In the first half of the 19th century, Washington, D.C. was a sleepy town. Though largely mapped out, it was still more or less unpopulated. Then came the Civil War, and both the federal government and the city’s population exploded. The sudden growth translated into a host of new opportunities for business—and for Jews.
This oft-overlooked chapter of American Jewish history is the focus of a new exhibition from the Jewish Historical Society of Greater Washington. The show, “Jewish Life in Mr. Lincoln’s City,” comprises a sort of crash course in 19th-century American Jewish life, with a focus on D.C. during the Civil War.
During the war years, the city’s Jewish population grew tenfold: from 200 to nearly 2,000. Seventh Street, now the heart of the city’s Chinatown, became a center of Jewish activity. The district was home to six kosher restaurants. (Washington today has only two.) Without a major industry in town, like the rag trade in New York, most Jewish businesses were mom-and-pop operations. “This neighborhood was never like the Lower East Side,” said David McKenzie, curatorial associate at the Jewish Historical Society of Greater Washington. “Jews were a significant minority within this neighborhood.”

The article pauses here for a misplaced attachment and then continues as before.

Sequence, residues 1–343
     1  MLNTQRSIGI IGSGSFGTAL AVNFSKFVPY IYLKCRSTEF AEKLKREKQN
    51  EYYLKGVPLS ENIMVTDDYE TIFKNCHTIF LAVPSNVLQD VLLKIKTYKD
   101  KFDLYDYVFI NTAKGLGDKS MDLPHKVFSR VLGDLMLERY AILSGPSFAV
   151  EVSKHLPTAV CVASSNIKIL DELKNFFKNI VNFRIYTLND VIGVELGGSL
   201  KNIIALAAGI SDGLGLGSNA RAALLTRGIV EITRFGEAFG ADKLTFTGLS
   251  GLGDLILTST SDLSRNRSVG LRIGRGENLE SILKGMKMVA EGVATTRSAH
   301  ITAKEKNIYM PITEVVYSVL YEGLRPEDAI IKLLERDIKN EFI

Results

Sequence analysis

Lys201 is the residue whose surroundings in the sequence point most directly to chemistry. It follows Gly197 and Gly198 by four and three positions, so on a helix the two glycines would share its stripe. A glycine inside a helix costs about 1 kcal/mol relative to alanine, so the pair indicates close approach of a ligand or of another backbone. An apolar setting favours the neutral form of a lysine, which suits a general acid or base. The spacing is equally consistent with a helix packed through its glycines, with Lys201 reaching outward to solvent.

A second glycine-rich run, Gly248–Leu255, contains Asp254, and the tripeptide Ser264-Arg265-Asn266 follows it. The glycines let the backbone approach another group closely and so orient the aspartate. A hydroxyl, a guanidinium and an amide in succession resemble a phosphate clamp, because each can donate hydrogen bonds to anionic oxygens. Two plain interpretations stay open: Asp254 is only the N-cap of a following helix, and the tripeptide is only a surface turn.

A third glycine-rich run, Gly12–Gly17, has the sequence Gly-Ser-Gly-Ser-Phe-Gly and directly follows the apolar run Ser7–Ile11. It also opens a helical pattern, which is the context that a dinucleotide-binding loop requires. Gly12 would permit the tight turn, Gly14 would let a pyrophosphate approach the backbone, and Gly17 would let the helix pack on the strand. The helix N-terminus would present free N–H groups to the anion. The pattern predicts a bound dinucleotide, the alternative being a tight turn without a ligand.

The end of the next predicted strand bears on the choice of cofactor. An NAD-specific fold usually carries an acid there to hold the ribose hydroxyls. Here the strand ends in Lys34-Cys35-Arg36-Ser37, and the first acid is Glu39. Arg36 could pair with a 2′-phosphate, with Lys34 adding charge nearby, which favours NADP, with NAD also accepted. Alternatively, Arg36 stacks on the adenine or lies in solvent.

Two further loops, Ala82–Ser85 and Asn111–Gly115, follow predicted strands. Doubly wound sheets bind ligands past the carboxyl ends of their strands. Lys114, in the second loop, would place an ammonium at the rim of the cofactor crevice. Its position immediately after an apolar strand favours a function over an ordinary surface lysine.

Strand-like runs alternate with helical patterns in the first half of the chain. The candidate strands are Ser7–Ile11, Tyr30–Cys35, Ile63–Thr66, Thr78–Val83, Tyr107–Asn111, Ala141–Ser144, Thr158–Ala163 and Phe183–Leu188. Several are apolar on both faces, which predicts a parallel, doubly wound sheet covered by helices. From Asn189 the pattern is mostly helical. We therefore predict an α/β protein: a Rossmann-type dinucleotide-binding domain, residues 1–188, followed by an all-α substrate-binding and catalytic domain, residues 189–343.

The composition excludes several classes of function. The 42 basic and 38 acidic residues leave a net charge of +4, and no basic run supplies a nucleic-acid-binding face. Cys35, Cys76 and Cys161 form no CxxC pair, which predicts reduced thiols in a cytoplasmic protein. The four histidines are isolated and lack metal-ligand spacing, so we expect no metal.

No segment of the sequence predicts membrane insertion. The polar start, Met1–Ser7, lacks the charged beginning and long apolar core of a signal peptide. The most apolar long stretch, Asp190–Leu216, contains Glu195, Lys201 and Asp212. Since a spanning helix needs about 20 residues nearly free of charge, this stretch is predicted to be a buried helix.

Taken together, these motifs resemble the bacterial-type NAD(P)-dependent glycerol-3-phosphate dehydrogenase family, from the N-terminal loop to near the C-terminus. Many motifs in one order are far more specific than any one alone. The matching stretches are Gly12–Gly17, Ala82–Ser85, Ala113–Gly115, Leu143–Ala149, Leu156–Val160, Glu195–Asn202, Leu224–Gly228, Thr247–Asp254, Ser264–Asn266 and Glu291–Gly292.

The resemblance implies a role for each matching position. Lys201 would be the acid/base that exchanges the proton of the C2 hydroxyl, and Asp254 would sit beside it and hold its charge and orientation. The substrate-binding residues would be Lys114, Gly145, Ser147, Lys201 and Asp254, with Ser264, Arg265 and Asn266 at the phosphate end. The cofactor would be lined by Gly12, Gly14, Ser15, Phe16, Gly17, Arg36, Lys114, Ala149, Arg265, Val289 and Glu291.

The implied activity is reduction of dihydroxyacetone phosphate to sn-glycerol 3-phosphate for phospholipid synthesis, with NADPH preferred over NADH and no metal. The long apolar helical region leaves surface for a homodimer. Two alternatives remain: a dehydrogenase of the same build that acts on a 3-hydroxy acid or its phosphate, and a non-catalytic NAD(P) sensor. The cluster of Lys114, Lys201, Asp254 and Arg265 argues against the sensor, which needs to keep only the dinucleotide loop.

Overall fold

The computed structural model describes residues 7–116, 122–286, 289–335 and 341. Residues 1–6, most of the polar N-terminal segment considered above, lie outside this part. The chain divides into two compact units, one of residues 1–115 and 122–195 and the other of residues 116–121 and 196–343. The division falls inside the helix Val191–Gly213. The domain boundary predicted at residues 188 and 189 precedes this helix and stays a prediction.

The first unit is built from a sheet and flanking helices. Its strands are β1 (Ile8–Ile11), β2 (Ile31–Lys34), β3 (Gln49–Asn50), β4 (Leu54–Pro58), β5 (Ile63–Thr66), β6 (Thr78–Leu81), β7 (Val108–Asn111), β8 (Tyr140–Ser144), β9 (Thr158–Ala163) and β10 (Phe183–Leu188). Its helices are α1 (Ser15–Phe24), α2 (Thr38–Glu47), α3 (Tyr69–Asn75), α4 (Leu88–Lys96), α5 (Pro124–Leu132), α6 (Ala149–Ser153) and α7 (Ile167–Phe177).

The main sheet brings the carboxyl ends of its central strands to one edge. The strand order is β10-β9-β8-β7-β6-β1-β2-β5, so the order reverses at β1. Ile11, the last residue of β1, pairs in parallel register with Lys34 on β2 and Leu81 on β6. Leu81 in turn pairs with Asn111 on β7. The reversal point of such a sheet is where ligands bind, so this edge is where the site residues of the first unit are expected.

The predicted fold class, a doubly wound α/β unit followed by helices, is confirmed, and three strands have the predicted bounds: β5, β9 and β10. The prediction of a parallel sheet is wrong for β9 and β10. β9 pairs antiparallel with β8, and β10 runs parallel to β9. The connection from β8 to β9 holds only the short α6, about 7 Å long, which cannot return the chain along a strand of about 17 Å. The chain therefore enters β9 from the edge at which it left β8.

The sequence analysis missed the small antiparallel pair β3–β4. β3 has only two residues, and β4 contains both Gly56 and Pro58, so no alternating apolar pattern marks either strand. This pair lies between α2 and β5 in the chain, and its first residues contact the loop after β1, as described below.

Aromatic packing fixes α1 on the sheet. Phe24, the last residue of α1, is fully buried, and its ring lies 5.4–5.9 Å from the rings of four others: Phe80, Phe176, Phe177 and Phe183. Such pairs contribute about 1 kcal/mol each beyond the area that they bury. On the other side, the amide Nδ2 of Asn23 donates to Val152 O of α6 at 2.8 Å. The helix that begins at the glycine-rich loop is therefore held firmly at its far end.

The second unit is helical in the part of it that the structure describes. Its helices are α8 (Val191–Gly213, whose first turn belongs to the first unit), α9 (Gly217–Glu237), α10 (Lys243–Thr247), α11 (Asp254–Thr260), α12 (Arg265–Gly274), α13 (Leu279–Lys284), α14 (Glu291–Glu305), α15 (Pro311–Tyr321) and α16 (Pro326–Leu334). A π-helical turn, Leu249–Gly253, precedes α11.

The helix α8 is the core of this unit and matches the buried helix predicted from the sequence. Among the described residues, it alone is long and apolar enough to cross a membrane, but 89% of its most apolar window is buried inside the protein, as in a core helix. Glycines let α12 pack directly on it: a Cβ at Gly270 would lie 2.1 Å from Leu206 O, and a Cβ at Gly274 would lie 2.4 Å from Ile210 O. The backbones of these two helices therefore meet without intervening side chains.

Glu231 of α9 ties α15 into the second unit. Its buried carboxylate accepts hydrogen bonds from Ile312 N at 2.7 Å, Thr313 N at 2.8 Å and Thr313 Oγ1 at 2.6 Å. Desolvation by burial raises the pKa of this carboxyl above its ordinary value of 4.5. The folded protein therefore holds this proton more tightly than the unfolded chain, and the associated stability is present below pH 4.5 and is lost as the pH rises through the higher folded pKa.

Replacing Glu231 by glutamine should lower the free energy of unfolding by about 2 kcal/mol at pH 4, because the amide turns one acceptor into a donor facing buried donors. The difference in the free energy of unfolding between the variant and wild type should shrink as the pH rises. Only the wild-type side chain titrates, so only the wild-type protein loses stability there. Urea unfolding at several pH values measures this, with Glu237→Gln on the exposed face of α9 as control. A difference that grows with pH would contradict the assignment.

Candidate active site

It was only a matter of time before the Jewish community took part in the city’s chief industry: politics. The exhibition, an extension of this year’s bicentennial of Lincoln’s birth, focuses on the president’s unique relationship with the city’s burgeoning Jewish community.
“Lincoln is probably the first president to really have personal associations with Jews,” said Gary Zola, executive director of the Jacob Rader Marcus Center of the American Jewish Archives.
Lincoln’s closest Jewish contact was Isachar Zacharie—one of the president’s more unlikely aides. Zacharie first appeared in Lincoln’s life as his foot doctor, and soon became an unofficial adviser. The New York World wrote in 1864 that Zacharie “enjoyed Mr. Lincoln’s confidence, perhaps more than any other private individual [and was] perhaps the most favored family visitor to the White House.”
Lincoln’s openness to Zacharie and other Washington Jews helped to forge a lasting bond. After the president’s assassination, Isaac Mayer Wise, one of the most respected American rabbis of his day, offered this appreciation: “The lamented Abraham Lincoln believed himself to be bone of our bone and flesh of our flesh.… And, indeed, he preserved numerous features of the Hebrew race, both in countenance and character.”
“Jewish Life in Mr. Lincoln’s City,” will be on view at the Washington Hebrew Congregation until July 20 and then at the Beth El Hebrew Congregation in Alexandria, Va., through December.
Danielle O’Steen is a freelance writer based in Washington, D.C. She has contributed to Washington Post Express, Capitol File, Art + Auction, DailyCandy, artinfo.com, and other publications.